relation of the American Deans of
Women to other organizations, Miss
Bollert, acting as representative of
the Federation of Canadian Women's
Clubs, read a paper on the work of
this organization.
One of the most interesting features of Miss Bollert's stay in Chicago
was a visit to the "Ida Noyes Hall,"
the recreational building for women
at the University of Chicago. This
magnificent building, Tudor in architecture and in furnishings, is said to
be the finest building on the continent dedicated to the use of women
students. Miss Bollert found it intensely stimulating to meet the three
women who are at the head of the
various activities of this House, and
to learn from them of the large part
which it plays in the life of the students of the University.
On her return journey, the Dean
addressed the University Women's
Club in Toronto and the Canadian
Women's Club in Regina.
Although we have heard very little
of the Men's Lit. this session, it has
been carrying on its work faithfully
and effectively. Through its regular
debates and through the Student
Parliament it gives practice in Public
Speaking to a large number of men;
and for this reason, it deserves the
hearty support of every student.
At the debate held oh Thursday,
March 2, Arts '23 met Arts '24 in a
discussion of the subject, "Resolved
that the closed-shop is in the best interests of the community." Mr.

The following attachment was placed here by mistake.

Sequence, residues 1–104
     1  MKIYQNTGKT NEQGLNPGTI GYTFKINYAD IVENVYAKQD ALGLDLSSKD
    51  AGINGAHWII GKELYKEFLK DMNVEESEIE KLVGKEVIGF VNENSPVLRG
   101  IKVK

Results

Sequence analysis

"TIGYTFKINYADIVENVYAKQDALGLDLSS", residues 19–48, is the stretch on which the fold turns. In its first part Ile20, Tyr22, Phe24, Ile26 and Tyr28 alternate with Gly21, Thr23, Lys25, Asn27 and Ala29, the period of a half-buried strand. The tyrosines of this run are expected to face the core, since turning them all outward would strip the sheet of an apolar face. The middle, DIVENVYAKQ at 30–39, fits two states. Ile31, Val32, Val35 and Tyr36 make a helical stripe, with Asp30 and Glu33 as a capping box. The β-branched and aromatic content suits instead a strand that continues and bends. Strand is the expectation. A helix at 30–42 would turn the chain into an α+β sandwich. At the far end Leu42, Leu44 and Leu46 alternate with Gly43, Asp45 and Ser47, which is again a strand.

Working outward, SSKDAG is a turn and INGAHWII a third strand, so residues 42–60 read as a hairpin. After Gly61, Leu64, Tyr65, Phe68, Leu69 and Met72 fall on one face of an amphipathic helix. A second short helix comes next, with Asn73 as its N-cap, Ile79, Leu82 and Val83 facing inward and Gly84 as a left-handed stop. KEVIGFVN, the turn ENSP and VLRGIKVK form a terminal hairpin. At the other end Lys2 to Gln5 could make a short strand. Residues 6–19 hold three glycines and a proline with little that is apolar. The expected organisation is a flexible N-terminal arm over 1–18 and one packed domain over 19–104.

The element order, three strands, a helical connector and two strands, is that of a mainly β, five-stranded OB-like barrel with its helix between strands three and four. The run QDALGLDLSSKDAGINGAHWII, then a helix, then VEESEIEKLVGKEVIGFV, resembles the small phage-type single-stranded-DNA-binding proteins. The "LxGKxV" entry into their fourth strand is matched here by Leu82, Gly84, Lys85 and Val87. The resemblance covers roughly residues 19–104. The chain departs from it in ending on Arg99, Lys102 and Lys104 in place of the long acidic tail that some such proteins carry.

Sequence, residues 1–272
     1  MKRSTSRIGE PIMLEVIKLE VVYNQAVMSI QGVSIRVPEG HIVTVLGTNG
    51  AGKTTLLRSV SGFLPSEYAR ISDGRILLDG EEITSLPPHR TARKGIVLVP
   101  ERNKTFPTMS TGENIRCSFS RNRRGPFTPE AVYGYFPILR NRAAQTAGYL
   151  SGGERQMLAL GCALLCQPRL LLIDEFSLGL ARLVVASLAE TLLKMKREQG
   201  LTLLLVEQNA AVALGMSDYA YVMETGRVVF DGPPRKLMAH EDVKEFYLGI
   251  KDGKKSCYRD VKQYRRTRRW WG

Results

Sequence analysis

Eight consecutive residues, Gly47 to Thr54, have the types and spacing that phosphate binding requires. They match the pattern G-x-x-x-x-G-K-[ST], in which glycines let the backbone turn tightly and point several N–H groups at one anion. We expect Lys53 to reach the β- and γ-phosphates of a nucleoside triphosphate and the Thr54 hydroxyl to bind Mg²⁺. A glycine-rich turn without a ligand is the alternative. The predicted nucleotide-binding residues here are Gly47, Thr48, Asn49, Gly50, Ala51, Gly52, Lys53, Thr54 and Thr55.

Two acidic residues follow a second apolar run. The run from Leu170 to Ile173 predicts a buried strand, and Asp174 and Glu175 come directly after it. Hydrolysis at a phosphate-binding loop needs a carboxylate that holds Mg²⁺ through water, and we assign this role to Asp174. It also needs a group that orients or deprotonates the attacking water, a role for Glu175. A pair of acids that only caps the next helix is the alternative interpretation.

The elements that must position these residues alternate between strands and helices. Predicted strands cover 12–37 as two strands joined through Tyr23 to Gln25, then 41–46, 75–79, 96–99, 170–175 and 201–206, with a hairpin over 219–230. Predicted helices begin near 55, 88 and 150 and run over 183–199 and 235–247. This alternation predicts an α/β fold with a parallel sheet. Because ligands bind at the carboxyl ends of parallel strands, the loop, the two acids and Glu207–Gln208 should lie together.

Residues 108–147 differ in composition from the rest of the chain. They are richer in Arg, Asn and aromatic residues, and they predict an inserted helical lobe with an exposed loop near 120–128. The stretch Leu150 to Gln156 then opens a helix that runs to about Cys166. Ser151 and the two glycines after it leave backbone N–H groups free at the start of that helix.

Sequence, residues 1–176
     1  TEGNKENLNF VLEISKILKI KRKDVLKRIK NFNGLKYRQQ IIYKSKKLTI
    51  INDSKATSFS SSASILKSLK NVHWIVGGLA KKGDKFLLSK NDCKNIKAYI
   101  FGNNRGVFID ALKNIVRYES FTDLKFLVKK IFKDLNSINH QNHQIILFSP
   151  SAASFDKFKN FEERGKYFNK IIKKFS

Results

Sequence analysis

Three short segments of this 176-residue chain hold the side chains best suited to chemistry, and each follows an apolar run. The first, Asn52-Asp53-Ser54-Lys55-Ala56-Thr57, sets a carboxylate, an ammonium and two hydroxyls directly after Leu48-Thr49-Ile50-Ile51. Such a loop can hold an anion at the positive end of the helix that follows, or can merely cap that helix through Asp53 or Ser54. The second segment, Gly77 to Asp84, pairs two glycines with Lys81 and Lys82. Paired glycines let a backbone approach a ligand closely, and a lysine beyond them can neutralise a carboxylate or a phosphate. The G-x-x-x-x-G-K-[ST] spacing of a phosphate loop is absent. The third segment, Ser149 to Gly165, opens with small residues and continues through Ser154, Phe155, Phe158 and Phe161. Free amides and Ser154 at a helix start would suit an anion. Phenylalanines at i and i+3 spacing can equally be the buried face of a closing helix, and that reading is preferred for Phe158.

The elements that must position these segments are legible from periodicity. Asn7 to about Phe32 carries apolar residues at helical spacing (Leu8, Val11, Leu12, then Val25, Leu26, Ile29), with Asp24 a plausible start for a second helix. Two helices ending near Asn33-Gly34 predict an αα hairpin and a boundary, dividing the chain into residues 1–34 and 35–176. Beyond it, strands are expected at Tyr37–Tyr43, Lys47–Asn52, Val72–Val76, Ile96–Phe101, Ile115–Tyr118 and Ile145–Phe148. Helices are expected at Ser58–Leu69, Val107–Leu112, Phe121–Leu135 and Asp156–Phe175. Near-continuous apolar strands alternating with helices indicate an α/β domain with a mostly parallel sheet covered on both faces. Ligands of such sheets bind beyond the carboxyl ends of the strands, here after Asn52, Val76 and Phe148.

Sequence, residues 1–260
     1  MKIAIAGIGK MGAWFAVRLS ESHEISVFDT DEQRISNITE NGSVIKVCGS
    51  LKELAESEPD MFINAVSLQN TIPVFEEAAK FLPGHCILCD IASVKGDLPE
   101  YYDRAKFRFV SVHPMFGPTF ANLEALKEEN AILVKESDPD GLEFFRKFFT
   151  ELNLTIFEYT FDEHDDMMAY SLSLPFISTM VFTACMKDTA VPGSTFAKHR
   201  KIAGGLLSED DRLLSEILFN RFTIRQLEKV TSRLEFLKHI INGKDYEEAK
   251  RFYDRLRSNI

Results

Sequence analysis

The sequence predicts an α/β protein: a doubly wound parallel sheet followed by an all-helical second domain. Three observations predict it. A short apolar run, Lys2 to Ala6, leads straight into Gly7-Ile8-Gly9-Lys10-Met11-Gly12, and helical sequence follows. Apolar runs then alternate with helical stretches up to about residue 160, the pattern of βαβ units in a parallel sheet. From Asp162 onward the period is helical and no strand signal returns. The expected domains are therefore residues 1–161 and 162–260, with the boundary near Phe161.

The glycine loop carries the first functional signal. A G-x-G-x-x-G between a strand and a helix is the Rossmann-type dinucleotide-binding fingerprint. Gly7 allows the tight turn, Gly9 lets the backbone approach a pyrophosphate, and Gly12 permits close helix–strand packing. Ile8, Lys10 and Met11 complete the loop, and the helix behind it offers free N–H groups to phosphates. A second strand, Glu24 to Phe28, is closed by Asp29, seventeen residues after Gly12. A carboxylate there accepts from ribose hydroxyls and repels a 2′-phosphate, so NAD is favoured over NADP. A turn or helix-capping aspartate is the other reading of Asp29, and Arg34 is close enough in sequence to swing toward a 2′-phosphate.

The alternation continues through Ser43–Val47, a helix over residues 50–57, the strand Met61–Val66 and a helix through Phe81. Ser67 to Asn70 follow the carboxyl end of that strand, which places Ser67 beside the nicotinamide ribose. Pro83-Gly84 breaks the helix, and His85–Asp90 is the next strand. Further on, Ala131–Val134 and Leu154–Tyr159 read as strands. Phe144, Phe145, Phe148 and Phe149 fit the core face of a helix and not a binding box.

Goodwin and Mr. J. S. Burton of Arts
'24 brought forward a strong argument for the affirmative. The closed-
shop does away with the grave social
injustice which exists when the capitalist class has a vast preponderance
of power over the laboring class. It
makes for successful collective bargaining, the best means of regulating
labor. And it is desirable for the
laborer because it raises his economic
and social status; for the employer
because it secures greater efficiency
of labor, increases the output, and
raises the standard of work; and for
the consumer because it gives him
guaranteed  goods.
Mr. Shaw and Mr. Mclntyre of
Arts '23, speaking for the negative,
maintained that the closed shop was
disadvantageous to both employer
and employee. In practice it limits
the disciplinary power of the employer, protects shiftless and inefficient workmen, engenders antagonism between capital and labor, and